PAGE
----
What if the state of Oregon suddenly was designated by other countries as the place to come for hundreds of thousands of people in trouble in Europe?

The rap from those countries about Oregon is that it is perfect. “A place without a people for a people without a place.” Send them there! BUT HEY, WE ARE HERE! WE are the Oregonians! Well, we think, it will be OK. We are good people. We will welcome these strangers who are in trouble. There is plenty of land for the new people to build. We will share.

But, when the new people come from Europe, they come with guns and run out 100‘s of thousands of Oregonians. Now 750,000 Oregonians live in refugee camps in bordering states. The new people set up a government and say Oregonians who ran away are not allowed to come back home. These people are not like other refugees who have come gently and respectfully to live among us. This is very different.

Continue reading “What if . . . ?”

UN Blacklist: Why Israel is doing everything it can to thwart the UN Human Rights Council

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Israeli security forces take aim as a Palestinian protester looks on during clashes in the village of Kfar Qaddum, near Nablus in the occupied West Bank, Nov 24, 2017. (photo: Jaafar Ashtiyeh / AFP)

About 100 local companies and 50 international companies that operate in the West Bank and east Jerusalem have received warning letters that they will be on the list.

By Haaretz | Nov 26, 2017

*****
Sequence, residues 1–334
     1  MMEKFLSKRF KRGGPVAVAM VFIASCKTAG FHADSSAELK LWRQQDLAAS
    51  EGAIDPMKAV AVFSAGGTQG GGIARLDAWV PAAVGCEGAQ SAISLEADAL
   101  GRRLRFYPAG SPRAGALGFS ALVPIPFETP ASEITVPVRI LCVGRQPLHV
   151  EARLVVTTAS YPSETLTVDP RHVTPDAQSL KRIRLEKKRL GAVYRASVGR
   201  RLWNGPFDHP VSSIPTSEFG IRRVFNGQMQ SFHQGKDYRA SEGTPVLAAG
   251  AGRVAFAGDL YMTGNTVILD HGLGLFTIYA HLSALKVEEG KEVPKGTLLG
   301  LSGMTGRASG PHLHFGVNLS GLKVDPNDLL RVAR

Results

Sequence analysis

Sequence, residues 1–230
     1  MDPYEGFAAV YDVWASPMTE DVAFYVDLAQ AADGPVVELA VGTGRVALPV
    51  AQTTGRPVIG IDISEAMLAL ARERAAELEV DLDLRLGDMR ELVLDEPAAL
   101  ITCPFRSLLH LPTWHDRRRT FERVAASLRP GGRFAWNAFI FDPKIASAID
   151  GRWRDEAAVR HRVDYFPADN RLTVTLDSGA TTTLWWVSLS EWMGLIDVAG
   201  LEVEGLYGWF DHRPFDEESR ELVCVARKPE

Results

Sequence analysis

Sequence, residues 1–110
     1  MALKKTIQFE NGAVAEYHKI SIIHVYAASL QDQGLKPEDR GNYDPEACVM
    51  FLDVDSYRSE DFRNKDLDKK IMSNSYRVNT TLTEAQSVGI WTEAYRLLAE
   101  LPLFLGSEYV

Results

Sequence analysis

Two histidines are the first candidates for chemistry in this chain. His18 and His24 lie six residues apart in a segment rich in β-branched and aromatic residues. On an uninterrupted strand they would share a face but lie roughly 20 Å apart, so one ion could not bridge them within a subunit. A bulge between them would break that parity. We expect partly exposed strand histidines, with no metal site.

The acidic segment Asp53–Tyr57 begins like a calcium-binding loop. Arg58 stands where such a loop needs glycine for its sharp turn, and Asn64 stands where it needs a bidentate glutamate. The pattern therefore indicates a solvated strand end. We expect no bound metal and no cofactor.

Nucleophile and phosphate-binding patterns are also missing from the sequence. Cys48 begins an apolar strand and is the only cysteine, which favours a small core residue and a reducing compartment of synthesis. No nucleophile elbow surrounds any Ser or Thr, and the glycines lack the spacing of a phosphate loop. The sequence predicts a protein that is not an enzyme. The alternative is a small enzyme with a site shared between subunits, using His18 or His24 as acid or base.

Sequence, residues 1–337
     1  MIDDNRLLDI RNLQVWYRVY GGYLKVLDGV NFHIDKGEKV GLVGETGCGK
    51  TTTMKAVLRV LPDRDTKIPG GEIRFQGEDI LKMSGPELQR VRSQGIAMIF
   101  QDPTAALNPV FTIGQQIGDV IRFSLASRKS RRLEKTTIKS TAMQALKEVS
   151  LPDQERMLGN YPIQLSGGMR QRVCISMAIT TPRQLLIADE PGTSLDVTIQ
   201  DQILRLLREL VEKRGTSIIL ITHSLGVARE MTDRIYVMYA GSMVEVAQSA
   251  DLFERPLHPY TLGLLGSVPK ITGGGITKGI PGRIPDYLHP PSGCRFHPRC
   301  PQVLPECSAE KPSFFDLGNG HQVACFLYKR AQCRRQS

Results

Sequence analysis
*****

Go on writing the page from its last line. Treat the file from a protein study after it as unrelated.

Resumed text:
“We will do everything we can to ensure that this list does not see the light of day.”
— Israeli UN ambassador, Danny Danon


Weeks ahead of the expected completion of a UN database of companies that operate in Israels West Bank settlements, Israel and the Trump Administration are working feverishly to prevent its publication. . . . [Ed. note: The publication has subsequently been postponed.]

While Israel is usually quick to brush off UN criticism, officials say they are taking the so-called blacklist seriously, fearing its publication could have devastating consequences by driving companies away, deterring others from coming and prompting investors to dump shares of Israeli firms. Dozens of major Israeli companies, as well as multinationals that do business in Israel, are expected to appear on the list.

Continue reading “UN Blacklist: Why Israel is doing everything it can to thwart the UN Human Rights Council”

New US embassy may be in Jerusalem — but not in Israel

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The former Diplomat Hotel, now part of the United States consular compound in Jerusalem, was built on disputed territory. (photo: Thomas Coex / Agence France-Presse / Getty Images)

The site of the US diplomatic compound is in occupied territory that has never been formally incorporated into Israel.

By Isabel Kershner | The New York Times | Mar 7, 2018


“Much more important than what the State Department says, it is what their actions say. You don’t build an embassy in territory that is not sovereign to Israel.”
— Eugene Kontorovich, director of international law at the conservative Kohelet Policy Forum in Jerusalem


In two months, the United States plans to open a new embassy to fulfill President Trump’s recognition of Jerusalem as Israel’s capital.

There’s just one problem: The embassy may be in Jerusalem, but it may not be fully in Israel.